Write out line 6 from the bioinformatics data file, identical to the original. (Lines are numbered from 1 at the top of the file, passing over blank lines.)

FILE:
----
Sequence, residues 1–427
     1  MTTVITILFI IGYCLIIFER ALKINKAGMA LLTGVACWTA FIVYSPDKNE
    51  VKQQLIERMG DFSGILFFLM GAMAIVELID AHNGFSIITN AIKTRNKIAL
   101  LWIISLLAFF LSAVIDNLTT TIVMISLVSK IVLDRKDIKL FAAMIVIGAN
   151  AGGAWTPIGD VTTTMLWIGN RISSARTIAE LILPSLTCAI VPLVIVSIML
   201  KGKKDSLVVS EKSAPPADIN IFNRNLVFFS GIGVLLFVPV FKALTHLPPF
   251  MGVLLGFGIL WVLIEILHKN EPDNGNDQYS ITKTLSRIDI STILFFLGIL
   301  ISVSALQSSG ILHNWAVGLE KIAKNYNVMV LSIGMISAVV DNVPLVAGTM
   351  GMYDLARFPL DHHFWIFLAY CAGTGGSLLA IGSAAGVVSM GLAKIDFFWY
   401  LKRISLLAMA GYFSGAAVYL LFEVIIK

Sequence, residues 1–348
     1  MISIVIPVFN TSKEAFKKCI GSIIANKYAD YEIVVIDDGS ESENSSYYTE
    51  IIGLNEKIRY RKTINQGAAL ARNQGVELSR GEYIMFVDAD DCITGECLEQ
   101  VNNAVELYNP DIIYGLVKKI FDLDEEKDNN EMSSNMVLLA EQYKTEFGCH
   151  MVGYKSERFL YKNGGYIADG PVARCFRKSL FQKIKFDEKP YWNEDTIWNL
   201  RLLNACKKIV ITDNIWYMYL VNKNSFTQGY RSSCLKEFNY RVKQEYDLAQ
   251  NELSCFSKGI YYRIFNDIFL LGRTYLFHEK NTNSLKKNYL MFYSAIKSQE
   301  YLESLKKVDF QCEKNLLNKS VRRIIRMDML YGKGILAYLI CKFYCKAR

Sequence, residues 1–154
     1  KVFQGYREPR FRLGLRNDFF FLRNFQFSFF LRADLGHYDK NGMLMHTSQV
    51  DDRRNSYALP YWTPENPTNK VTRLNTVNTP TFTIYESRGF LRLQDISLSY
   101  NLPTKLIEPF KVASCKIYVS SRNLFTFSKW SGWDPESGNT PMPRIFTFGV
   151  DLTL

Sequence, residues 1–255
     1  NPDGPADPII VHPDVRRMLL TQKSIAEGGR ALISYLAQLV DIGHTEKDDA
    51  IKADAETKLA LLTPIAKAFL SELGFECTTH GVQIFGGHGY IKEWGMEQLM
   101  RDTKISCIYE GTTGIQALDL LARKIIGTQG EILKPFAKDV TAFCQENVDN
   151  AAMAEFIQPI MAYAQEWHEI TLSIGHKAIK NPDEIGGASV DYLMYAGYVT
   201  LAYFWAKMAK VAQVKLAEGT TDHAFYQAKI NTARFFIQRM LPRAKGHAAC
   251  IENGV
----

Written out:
   201  KGKKDSLVVS EKSAPPADIN IFNRNLVFFS GIGVLLFVPV FKALTHLPPF